February 22, 2022
The Ahlers Center for International Business at the University of San Diego (USD) released a report that provides an in-depth analysis of the characteristics, dynamics, and impacts of the CaliBaja regional economy. The San Diego Regional Chamber of Commerce partnered with USD for this research to help inform policy and influence economic growth within the CaliBaja region.
“This report is important for the Chamber and regional stakeholders, as it helps us address challenges and opportunities for the binational region with a collective voice. It also serves as an essential tool for promoting the development of policies that drive our economy through efficient cross-border trade, along with strong international business, political, and cultural relationships,” said Jerry Sanders, San Diego Regional Chamber President, and CEO. “We are very grateful to USD for this in-depth analysis focused on growing our cross-border workforce and regional economy.”
Combining the border economies of the U.S. state of California and the Mexican state of Baja California, the CaliBaja regional economy is the largest integrated economic zone along the U.S.-Mexico border. With a regional GDP of nearly $250 billion, “CaliBaja” is home to diverse industries, including some with powerful manufacturing capabilities that drive cross-border economic activity and create jobs in both the United States and Mexico.
This report was made possible by The Ahlers Center for International Business’ Move Forward program – which connects professors with local businesses to solve a current organizational challenge.
Key Takeaways from the Report:
CaliBaja’s educational institutions are preparing the region’s STEM workforce. A total of 30,932 higher education degrees were conferred in San Diego County and 18,800 were conferred in Baja California in 2018, with 32% and 38% awarded in the STEM fields, respectively.
The region’s manufacturing strengths helped CaliBaja weather the COVID-19 pandemic. While COVID-19 struck certain industries hard —with severe job losses in Arts, Entertainment, and Recreations (-51.7%) and Accommodation and Food Services (-51.4)— job losses were much lower in Manufacturing (-7%), Information (-8.4%), Professional, Scientific, and Technical Services (-5.9%).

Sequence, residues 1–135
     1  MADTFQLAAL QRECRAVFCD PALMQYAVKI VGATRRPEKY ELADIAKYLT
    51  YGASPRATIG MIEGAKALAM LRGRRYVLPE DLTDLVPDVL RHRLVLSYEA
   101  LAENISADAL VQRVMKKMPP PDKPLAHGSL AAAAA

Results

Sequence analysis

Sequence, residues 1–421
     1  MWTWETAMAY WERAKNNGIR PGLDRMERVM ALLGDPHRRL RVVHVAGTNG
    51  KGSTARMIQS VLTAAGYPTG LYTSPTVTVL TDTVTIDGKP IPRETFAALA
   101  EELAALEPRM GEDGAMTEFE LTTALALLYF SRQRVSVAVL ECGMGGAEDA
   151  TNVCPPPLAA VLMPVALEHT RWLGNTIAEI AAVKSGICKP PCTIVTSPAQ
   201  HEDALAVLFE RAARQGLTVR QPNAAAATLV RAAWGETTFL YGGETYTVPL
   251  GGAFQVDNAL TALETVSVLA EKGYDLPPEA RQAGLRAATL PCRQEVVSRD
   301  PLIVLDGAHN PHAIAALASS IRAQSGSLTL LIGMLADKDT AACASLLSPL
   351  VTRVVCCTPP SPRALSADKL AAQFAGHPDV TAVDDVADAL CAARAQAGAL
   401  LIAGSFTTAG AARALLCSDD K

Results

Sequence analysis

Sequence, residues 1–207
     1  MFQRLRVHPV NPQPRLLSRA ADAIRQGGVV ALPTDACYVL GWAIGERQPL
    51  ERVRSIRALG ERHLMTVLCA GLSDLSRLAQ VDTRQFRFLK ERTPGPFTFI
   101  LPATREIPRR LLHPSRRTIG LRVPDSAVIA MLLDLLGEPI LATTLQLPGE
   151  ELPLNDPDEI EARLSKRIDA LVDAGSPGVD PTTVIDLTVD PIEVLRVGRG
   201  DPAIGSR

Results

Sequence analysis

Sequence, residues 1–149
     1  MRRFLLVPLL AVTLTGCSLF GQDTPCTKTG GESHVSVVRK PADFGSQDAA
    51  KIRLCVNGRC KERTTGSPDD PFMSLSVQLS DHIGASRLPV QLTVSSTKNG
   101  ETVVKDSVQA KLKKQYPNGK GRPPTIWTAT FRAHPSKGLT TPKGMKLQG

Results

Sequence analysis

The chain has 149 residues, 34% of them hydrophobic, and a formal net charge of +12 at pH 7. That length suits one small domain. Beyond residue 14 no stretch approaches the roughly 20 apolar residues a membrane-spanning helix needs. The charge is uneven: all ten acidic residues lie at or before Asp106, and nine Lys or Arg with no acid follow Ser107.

Much of the region’s high manufacturing capability comes from the Mexican side. The region has a strong manufacturing base compared to other parts of the United States and Mexico, particularly in areas like audio-visual manufacturing and medical devices. In 2018, Tijuana had 41 industries (including 27 in manufacturing) that were well above average in the number of workers, while Mexicali had 49 such industries (including 17 in manufacturing). By comparison, San Diego had high concentrations in 35 industries (10 in manufacturing). Imperial had high concentrations in 27 industries (one in manufacturing).
The strength of the CaliBaja economy has made it attractive to outside investors. Baja California attracts over a billion dollars a year in foreign direct investment (FDI), with the majority of that investment in manufacturing. Venture capital flowing into San Diego has increased sharply in recent years and topped $2 billion in each quarter from 2020Q4 to 2021Q2, mainly in the life sciences (biotechnology, pharmaceuticals, and genomics).
Improved infrastructure is needed to create jobs and promote investment for both countries. Continued infrastructure investments—including the construction of the Otay Mesa East port of entry for trucks and commercial vehicles—are urgently needed to enable the CaliBaja region to contribute to the growth of U.S.-Mexico production and trade in the coming decades.
This report was prepared through binational collaboration with the University of San Diego, Universidad Autónoma de Baja California, and Colegio de la Frontera Norte.